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I’ll have what he's having? How consumers make choices about new products

Date:
July 22, 2014
Source:
Journal of Consumer Research, Inc.
Summary:
Have you found yourself at a fancy restaurant trying to impress new friends or in a foreign country and unsure of what to order? Not wanting to appear foolish, you just go along with everyone else. According to a new study, we’re more likely to copy other people’s choices when we lack social acceptance or enough information to make an informed decision.
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Have you found yourself at a fancy restaurant trying to impress new friends or in a foreign country and unsure of what to order? Not wanting to appear foolish, you just go along with everyone else. According to a new study in the Journal of Consumer Research, we're more likely to copy other people's choices when we lack social acceptance or enough information to make an informed decision.

"We suggest that when someone is deciding between options for which their preferences are not well formed, observing the choice of another consumer makes the option chosen by the other person the default option," write authors Young Eun Huh (Hong Kong University of Science and Technology), Joachim Vosgerau (Tilburg University), and Carey K. Morewedge (Boston University).

The authors studied this "social default effect" in a series of experiments. For example, participants who could not read Korean were asked to choose between two Korean brands of tea. Before making their selection, half of the participants first observed a non-Asian person choosing one of the teas and then leaving the room. The remaining participants were simply asked to choose between the two brands of tea. As expected, the participants who had first seen the non-Asian person's selection were more likely to select the same brand of tea.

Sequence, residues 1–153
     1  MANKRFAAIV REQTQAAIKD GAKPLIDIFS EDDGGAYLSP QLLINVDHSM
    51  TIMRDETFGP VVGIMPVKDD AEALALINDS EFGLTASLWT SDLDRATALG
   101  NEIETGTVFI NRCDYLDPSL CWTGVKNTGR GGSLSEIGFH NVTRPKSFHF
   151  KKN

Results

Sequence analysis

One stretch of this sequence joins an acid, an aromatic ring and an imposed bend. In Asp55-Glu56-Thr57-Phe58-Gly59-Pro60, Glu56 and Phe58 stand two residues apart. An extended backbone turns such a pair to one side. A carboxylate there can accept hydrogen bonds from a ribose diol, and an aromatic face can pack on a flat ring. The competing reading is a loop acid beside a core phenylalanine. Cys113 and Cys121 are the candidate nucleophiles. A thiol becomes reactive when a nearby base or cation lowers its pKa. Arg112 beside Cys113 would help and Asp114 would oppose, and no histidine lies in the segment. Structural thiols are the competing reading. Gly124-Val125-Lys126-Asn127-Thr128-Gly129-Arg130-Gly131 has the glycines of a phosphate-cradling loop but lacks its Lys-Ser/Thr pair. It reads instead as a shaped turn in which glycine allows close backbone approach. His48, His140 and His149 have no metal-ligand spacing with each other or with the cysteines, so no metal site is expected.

On the other hand, when people are willing and able to engage in effortful deliberation they are less likely to choose social defaults. In the Korean tea experiment, when English text was added to the packaging, participants were better able to justify their selections and less likely to mimic another person's selection.

"Our research demonstrates that automatic forms of social influence are more pervasive than previously thought. The automatic processes that underlie behavioral mimicry appear to not only influence nonverbal communication, emotions, and behavior when people interact, but they also lead consumers to adopt the same preferences as other consumers," the authors conclude.


Story Source:

The above story is based on materials provided by Journal of Consumer Research, Inc.. Note: Materials may be edited for content and length.


Journal Reference:

  1. Young Eun Huh, Joachim Vosgerau, and Carey K. Morewedge. Social Defaults: Observed Choices Become Choice Defaults. Journal of Consumer Research, October 2014

Cite This Page:

Journal of Consumer Research, Inc.. "I’ll have what he's having? How consumers make choices about new products." ScienceDaily. ScienceDaily, 22 July 2014. <www.sciencedaily.com/releases/2014/07/140722125725.htm>.
Journal of Consumer Research, Inc.. (2014, July 22). I’ll have what he's having? How consumers make choices about new products. ScienceDaily. Retrieved May 23, 2015 from www.sciencedaily.com/releases/2014/07/140722125725.htm
Journal of Consumer Research, Inc.. "I’ll have what he's having? How consumers make choices about new products." ScienceDaily. www.sciencedaily.com/releases/2014/07/140722125725.htm (accessed May 23, 2015).

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